Two years ago I took a class that spent half a semester on poetry. I hate poetry. Not for the usual reasons. Every time I have to write a poem, I wind up spending hours on Google researching things so I can write intelligently. (Do other people fact-check their poetry?) Invariably, I find something I’d rather never have known. (See: DeDe, the Indonesian Tree Man.)
The poem that ruined my life was one I was writing about sharks. I wasn’t sure if I could call a shark a “man-eater” because I’ve only ever heard that term applied to lions and literally everything in Australia. I Google one little thing, and all of the sudden I’m unable to stop researching things that can eat you. Long story short, I now travel everywhere with a key specifically for stabbing things, a flashlight specifically for blinding things, and a baseball bat specifically for clubbing things. (You think I’m joking.)
Unfortunately for you, I’m sick of suffering in silence. If I have to live in fear, you do, too.
Man-eater #1: The Jersey Shore Shark Attacks
To give you an idea of how much these sharks freak me out: I don’t like Jersey Shore at all, but I wouldn’t wish a violent shark death on any of the cast members. Not even Snooki.
The summer of 1916 was a bad time to live on the East Coast. A terrible polio outbreak on top of an intense heatwave drove people to beach resorts. That’s nice. At least people had a beach to escape to, where they could relax and think about less deadly things. It was nice, anyway. Until the sharks came.
Things the Sharks Did
1) A shark chewed one guy’s leg up so badly he bled to death on a hotel concierge’s desk.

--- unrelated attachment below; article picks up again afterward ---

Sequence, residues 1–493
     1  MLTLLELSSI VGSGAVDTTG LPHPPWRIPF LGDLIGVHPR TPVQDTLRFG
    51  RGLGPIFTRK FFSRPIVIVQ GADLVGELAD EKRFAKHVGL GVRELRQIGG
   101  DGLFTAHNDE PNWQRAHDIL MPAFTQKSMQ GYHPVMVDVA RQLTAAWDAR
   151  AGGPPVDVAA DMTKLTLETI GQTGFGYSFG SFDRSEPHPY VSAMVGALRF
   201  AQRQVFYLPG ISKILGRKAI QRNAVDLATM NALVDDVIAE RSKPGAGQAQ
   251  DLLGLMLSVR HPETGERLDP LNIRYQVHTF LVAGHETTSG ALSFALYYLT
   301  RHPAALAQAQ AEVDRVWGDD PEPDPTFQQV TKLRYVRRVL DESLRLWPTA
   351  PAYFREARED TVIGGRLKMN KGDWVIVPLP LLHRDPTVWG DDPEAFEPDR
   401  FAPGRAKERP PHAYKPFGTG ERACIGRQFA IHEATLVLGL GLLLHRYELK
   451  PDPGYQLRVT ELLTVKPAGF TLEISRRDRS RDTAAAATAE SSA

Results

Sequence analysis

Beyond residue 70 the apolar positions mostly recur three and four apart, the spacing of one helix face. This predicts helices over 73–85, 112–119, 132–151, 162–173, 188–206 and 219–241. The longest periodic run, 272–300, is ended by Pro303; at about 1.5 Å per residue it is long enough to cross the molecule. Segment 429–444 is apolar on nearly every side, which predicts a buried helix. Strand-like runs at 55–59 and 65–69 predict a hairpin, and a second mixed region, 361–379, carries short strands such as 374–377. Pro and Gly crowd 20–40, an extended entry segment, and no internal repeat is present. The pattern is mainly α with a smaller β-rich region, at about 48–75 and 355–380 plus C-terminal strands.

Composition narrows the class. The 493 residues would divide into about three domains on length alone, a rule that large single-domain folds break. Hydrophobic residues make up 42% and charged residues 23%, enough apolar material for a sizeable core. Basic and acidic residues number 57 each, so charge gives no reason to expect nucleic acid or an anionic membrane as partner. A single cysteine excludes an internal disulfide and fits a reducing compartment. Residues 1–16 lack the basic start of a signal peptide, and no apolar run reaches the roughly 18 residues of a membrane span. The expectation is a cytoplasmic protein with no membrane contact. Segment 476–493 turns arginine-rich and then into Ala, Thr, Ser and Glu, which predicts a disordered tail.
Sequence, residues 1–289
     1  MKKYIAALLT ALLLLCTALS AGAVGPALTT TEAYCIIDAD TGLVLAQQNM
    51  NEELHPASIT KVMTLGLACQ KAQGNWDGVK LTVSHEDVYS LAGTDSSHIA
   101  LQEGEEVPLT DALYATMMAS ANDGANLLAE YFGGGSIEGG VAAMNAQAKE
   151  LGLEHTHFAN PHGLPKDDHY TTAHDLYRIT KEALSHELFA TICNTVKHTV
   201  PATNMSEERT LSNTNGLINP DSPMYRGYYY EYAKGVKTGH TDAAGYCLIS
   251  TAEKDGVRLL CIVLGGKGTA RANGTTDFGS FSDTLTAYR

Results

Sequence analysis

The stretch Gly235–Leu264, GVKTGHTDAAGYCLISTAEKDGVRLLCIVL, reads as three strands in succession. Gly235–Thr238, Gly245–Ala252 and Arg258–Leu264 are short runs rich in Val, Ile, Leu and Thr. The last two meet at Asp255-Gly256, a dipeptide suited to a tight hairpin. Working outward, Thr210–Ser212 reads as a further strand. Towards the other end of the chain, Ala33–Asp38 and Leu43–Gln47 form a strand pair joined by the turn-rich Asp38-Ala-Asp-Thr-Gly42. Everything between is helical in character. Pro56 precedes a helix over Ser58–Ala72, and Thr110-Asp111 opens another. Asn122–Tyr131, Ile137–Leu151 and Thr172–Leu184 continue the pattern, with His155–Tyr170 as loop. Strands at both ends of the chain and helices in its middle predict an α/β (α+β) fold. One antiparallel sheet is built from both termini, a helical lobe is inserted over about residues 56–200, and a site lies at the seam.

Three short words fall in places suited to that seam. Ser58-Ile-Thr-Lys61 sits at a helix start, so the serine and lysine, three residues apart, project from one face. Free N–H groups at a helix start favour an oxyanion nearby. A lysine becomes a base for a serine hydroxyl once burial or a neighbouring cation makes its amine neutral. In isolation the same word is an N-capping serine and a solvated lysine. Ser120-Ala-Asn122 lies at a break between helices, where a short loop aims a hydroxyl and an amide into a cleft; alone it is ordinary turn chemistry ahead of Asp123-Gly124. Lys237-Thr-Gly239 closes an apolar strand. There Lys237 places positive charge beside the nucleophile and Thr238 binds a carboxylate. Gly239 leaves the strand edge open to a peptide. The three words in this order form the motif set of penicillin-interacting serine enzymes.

2) Another man was bitten in half. The lady who reported it to the lifeguard thought he was an overturned red canoe. Turns out he was just really bloody.
3) What may have been a Bull Shark (which are notoriously aggressive and unpredictable) swam up a freshwater river 16 miles to eat a boy and attack the man who tried to save him.
4) The last victim was a boy who escaped with only a bite on the leg after his brother and another kid (and these are Wikipedia’s words, not mine) played “a vicious tug-of-war battle with the shark”. I don’t like playing tug-of-war with children. I certainly wouldn’t like it if the rope was my brother and I was playing against a freakin’ shark.
Things the People Did
1) Ran. Screaming.
2) The town of Matawan offered a $100 reward for anyone who killed a shark in the creek where the last three victims were attacked. The House of Representatives offered a $5,000 reward to anyone who could kill the shark or sharks responsible for the Jersey Shore attacks.
3) Everyone was trying to kill this shark. Probably a lot of them did it for the money, but I’d like to think that most of them did it out of sheer terror that one day the sharks would grow legs and come after them on the streets.
4) The guy who finally found and killed what they think was the shark that attacked Matawan Creek was named Michael Schleisser. He was a fisherman… oh wait, no, that’s not right. He was a Harlem taxidermist and Barnum and Bailey lion tamer. A taxidermist and a lion tamer. I don’t know if he was retired from one or both, or if he was still practicing one or both. I don’t know how one gets into the lion taming/taxidermy field. What I do know is that he caught a 7.5-foot, 325-pound shark while fishing. The shark nearly sank Schleisser’s boat before he killed it with a broken oar. Scientists found human remains in its belly and according to Wikipedia, “Schleisser mounted the shark and placed it on display in the window of a shop on Broadway but it was later lost.” I have so many questions about that sentence.